There is plenty to drink and all sorts of folks willing to play a friendly game of chance or share a secret or two.
We will never tell.
Find us straight north of the Town Crier. Or ask the Town Crier. He will know where we are. Bards are always welcome and will be given a meal.
*Wear boots as the floor may be sticky. *Leave your valuables somewhere safe.
Of course, we went to explore.
“Well, drat there isn’t anything here.” After sitting in the pub and playing song after song as well as a story or two, I had watched the entire room and there were no obvious Obsidians in the entire pub; we found little. Few would talk with us on such a personal topic of who they saw while they drank in the Filthy Stag, except one of the old locals remembered seeing a ranked mage with blue and green tattoos who was here one night muttering to himself for a few hours. The mage’s odd behavior spooked the locals. The Oldster didn’t know where that mage went when he rose up while “talking to the midair” and disappeared. Since there were no more drinks forthcoming from any of us he then left our table, grumbling under his breath.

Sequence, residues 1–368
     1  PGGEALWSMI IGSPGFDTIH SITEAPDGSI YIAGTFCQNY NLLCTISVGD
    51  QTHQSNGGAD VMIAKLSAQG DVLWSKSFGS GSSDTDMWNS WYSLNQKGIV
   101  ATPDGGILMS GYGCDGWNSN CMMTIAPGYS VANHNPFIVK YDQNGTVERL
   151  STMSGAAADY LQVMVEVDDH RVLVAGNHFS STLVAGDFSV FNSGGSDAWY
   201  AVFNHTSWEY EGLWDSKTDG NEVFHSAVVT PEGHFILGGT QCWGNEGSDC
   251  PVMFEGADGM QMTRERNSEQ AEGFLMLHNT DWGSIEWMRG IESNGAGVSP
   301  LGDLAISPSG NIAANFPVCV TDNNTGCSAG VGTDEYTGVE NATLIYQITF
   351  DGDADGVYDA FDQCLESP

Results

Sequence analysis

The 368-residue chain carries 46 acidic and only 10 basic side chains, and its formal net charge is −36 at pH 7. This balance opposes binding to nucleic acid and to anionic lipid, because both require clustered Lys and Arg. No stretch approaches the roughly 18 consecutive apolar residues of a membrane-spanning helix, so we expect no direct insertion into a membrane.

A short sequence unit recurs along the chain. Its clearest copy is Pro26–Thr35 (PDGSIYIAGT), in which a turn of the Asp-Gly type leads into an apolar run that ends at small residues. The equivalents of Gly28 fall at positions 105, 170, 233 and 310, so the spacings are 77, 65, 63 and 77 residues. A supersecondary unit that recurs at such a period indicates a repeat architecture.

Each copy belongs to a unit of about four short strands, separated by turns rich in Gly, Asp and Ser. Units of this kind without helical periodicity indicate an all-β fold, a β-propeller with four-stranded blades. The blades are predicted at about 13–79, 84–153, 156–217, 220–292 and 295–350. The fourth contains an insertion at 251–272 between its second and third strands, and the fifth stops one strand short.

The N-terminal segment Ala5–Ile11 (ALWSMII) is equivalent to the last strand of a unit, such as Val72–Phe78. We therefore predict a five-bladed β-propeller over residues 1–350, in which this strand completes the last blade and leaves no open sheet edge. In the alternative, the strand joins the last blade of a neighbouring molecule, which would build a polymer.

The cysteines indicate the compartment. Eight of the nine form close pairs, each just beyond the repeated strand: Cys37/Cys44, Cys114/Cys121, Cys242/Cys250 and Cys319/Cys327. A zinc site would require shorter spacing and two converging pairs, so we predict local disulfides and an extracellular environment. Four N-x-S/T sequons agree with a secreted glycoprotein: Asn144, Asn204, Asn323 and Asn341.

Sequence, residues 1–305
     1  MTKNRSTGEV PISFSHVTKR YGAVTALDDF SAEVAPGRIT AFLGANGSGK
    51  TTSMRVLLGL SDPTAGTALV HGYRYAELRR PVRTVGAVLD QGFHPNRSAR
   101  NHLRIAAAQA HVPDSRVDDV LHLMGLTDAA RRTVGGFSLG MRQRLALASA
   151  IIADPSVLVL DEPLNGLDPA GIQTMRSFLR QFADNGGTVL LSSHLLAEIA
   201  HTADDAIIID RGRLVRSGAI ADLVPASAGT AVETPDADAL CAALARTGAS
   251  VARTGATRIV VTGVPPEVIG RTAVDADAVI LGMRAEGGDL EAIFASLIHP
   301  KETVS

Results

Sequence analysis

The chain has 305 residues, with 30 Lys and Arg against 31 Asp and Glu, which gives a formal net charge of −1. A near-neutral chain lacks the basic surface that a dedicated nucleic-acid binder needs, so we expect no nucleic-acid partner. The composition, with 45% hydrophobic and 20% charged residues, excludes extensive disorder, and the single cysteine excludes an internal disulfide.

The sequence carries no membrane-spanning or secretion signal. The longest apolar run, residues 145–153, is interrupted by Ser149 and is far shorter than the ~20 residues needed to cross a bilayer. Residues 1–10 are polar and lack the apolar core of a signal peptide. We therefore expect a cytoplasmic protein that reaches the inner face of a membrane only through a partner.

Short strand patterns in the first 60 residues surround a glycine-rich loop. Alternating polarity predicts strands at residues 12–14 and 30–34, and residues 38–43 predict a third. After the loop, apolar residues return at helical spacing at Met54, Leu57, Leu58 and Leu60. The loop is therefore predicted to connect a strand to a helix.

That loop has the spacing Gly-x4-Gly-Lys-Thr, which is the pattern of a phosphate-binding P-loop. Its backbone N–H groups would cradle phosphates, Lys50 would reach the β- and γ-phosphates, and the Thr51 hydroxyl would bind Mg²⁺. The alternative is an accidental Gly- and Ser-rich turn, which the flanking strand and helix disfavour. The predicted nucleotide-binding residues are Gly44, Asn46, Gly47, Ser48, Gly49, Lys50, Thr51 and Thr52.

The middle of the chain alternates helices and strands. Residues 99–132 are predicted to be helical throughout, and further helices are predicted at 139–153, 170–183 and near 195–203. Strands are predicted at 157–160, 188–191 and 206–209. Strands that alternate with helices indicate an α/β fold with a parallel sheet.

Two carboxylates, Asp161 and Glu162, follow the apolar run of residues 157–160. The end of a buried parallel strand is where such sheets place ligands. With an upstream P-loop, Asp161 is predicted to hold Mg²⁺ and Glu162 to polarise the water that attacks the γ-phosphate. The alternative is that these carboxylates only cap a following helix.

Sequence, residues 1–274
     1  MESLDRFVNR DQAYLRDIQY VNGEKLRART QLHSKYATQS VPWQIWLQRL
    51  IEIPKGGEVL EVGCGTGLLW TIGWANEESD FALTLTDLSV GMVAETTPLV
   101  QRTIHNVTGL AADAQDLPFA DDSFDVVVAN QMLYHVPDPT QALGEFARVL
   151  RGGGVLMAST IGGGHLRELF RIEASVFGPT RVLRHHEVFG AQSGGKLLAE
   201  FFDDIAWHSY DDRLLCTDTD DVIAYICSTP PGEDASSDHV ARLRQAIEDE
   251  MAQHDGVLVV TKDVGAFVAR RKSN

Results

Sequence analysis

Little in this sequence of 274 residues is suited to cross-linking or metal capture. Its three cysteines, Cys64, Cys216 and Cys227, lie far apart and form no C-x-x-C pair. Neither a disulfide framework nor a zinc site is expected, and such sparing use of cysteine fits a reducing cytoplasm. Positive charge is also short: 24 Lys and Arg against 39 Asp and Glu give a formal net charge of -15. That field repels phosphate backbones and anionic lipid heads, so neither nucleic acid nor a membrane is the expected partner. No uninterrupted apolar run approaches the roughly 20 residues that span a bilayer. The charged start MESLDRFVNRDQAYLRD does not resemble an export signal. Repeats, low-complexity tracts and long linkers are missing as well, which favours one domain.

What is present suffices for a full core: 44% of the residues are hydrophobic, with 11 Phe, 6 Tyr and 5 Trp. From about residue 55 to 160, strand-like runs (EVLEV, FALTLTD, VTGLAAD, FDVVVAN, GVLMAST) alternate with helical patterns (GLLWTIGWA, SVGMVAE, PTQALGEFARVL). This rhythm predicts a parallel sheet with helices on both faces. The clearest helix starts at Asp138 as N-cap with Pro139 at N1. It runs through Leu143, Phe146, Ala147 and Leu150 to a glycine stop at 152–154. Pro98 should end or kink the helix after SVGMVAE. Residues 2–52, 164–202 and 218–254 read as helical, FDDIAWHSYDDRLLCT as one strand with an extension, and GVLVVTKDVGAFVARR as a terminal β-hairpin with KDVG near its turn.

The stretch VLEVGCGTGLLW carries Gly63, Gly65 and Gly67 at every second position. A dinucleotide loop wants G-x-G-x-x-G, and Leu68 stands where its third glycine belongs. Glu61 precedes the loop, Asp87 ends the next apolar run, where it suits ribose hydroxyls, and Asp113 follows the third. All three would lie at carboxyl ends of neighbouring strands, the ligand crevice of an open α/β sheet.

“Weren’t right in the head, s’far as I could make out.” The old fella murmured into the dregs of his drink then went back to ignoring us all as best he could.
“We did find out how to catch a boat over by the docks to take us upriver to Darkshire Hills.” Zyrina said thoughtfully.
“Yeah, okay sure. One thing here was useful,” I conceded. “Information is always valuable.”
Though this interlude spurred us back to our mission, it shone no light on any of the things we understood. We now refocused on getting to Darkshire Hills as soon as possible. After paying for our meal and gathering up our belongings, we thanked the staff for the food and promised to be back next time any of us were anywhere near Ordanis Mortis.
From then on, we kept to ourselves on the road, stopping only to eat from our lavish meal leftovers that had been wrapped in freshly waxed cotton and placed in a woven basket along with another bottle of that sweet wine, Sangria. We rested occasionally and ate when we were hungry. The foliage changed as we trod the well-worn path through the North Majestic Forest, skirting the edge of the Grunvald Barrens and the Savrenoc Timberland as we kept traveling south along the winding trail that followed the Eylo River until Zyrina pointed out the Spectral Mountain chain.